Eyeview is a video marketing technology company that applies algorithms and machine learning models to deliver the most relevant video messages to consumers across TV, desktop, mobile and social media platforms. Our Real-Time Bidder handles more than half a million requests per second and is responsible for making decisions in under 100 milliseconds.
In an effort to provide the best consumer experience by matching them to brands of their interest, our bidder bids on less than 1% of the auctions we receive. The bidder is extremely selective because it is predicting each user’s potential interest in our advertisements. As you can imagine, matching users to advertisements in real-time is an extremely challenging task.
This blog is divided into the following sections – problem definition, user scoring model, handling frequent changes, user score evaluation, enter PMML, component workflow, conclusion, achievements and future work and improvements.
Problem Definition – Finding the Right Users Using Data Science Models
The way we predict outcomes at Eyeview is by using data science models. When we evaluate users, we use a score (generated by the model) to reflect how relevant a user is for a given campaign, based on the campaign KPI (key performance indicator). Our analytics team owns and tunes these models using regression techniques such as logistic, decision-tree and random forest algorithms.
For example, if the KPI of a motorcycle company campaign is to drive visits to their store, then the higher the user score, the more likely the user is to visit the store. Let’s examine how these models are written.
User Scoring Model
One way to calculate User Scores is using a logistic regression model. Here is what that might look like in a simplified way – our real models are a lot more sophisticated and part of our “secret sauce” here at Eyeview:
As you can see, bringing people to a store may involve factors like proximity to the store, past trips to the same store, having a particular rewards card, etc.
In Data Science, these factors are called features. Each feature represents a property of the user, and is associated with a weight which represents the importance of that property to the desired outcome. The algorithm then takes into consideration all of these features and assigns weights to each one of them.
The Problem – Handling Frequent Changes
One thing you might have already noticed is the above model contains two parts – a dynamic part – the features, and a fixed part – the weights. Features specific to the user are dynamic in nature since each user is unique and retrieved at runtime, but the weights are generated via an offline training model that is managed and fine-tuned periodically by our analytics team thereby forming a feedback loop. Since the user behavior changes over time, i.e. the weights of the features may change daily, we needed a way to feed them into our real-time system.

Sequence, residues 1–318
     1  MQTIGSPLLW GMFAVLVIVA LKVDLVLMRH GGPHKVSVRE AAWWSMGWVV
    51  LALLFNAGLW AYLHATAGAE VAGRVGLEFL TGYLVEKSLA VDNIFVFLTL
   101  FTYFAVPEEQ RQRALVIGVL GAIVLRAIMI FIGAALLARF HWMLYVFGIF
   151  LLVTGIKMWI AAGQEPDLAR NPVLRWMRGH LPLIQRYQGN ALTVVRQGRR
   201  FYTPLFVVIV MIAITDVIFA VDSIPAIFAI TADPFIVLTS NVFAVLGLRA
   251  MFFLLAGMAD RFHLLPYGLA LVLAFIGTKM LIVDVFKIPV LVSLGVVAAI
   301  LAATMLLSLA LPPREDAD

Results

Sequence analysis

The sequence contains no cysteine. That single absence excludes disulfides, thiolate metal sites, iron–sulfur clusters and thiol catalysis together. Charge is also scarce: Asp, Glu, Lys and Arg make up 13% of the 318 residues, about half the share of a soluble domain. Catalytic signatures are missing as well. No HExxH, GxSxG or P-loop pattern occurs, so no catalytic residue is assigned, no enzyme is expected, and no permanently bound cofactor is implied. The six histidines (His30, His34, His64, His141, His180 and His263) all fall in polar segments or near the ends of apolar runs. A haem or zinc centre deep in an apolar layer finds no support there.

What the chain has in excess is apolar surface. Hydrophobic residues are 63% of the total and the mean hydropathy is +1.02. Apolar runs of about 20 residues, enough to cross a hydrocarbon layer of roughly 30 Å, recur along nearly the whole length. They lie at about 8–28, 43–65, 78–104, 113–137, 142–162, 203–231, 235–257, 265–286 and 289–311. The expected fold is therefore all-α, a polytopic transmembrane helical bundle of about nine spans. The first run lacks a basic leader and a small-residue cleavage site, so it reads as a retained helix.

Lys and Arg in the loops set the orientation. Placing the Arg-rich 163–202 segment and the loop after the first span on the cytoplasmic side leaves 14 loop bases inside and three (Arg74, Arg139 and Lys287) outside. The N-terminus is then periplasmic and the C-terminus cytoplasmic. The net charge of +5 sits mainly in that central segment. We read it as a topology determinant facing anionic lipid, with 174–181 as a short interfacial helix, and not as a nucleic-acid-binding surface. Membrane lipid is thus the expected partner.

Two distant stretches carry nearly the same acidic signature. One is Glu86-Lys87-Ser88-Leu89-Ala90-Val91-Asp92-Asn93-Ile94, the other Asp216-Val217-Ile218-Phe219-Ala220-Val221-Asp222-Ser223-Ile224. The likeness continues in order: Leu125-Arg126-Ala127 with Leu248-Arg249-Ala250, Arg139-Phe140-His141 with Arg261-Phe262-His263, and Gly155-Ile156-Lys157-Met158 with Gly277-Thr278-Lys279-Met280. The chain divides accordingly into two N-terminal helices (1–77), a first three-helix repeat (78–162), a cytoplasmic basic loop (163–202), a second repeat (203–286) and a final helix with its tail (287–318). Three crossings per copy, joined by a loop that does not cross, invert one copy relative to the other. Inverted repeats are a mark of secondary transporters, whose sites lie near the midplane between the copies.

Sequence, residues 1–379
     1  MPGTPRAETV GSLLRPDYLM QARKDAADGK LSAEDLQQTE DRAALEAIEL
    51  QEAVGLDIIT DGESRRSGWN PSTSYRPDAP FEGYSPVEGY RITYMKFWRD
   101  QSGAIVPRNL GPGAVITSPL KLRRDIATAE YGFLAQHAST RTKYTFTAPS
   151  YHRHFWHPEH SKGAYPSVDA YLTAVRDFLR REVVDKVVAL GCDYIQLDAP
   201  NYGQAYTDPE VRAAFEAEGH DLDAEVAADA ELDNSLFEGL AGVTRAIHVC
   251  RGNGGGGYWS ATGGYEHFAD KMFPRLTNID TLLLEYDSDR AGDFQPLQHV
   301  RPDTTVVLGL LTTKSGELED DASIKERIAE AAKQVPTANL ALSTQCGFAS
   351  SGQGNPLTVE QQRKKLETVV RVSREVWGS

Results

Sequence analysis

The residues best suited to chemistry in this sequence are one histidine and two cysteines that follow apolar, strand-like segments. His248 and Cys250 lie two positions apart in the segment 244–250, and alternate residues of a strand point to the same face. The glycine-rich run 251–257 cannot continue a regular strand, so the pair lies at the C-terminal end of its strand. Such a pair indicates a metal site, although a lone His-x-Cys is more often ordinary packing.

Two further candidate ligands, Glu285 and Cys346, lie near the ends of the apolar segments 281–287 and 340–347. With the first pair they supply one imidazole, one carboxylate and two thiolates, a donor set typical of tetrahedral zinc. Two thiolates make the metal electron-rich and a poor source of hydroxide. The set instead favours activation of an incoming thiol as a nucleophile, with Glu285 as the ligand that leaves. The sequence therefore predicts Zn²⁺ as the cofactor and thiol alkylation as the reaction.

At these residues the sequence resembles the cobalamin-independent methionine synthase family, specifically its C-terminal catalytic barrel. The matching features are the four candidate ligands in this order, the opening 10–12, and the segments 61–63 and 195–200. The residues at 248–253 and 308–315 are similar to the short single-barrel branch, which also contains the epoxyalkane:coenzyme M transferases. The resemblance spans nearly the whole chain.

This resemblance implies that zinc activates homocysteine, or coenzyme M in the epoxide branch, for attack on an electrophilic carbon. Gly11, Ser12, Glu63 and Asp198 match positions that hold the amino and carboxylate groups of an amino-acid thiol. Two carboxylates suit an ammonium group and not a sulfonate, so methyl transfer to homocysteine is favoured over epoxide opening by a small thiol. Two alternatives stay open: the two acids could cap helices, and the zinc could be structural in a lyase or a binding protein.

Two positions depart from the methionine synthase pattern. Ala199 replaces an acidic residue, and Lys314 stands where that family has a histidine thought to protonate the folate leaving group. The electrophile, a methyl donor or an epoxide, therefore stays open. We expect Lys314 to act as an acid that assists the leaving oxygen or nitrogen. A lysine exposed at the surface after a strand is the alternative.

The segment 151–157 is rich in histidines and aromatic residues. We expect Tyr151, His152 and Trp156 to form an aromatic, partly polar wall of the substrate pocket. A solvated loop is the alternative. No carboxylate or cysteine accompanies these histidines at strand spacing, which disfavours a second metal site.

User Score Evaluation
Currently, our bidder evaluates user scores in real time by calling a microservice that is responsible for evaluating the model and returning the user score. We needed a generic scoring framework that is also aware of the data science algorithms and this microservice serves that purpose.
The models are trained in spark, so changes to the user-scoring model were warranted every time analytics added new features, which happens occasionally. Also, these training models had grown in number over a period of time and our analytics team was finding it extremely laborious to copy over the weights every time the model was re-trained. We knew we needed a different approach that is easier to manage, fits our requirements and scales better.
We looked at a few options like Mleap, MLFlow in our initial research and PMML (Predictive Model Markup Language) seemed like the best fit. The PMML format is an XML-based language that enables the definition and sharing of predictive models between applications. A predictive model is a statistical model that is designed to predict the likelihood of target occurrences given established variables or features. Since our training and real-time scoring spanned two applications and the number of features (including their weights) kept changing, PMML looked like an option to consider.
Let’s look at an example on how PMML can be used between spark (used for training the model) and the user-scoring microservice (computing the user score).
As seen here, once analytics creates the model in spark, they convert it to a PMML object and persist it. The user-scoring microservice, at the time of bid call evaluation deserializes the model (with the help of JPMML) and applies the received set of features to their values. The model evaluator evaluates the model and returns the user score in real time.
Here’s a diagram illustrating the complete flow:
Since the serialization workflow can exist in a different space than the deserialization one, we leverage it to use in two separate applications – training and the user-scoring to achieve an automated feedback loop, real time training and price predictions.
By automating the training and prediction feedback loop we were able to scale our usage of machine learning algorithms to all campaigns and eliminate all manual processes. Our Analytics and Data Science teams can now focus on improving the accuracy and quality of the actual models used.
Future Work and Improvements
PMML turned out to be an excellent use-case for us and going forward, once the scale increases and data science needs, it would make sense to use frameworks that support additional models with more features.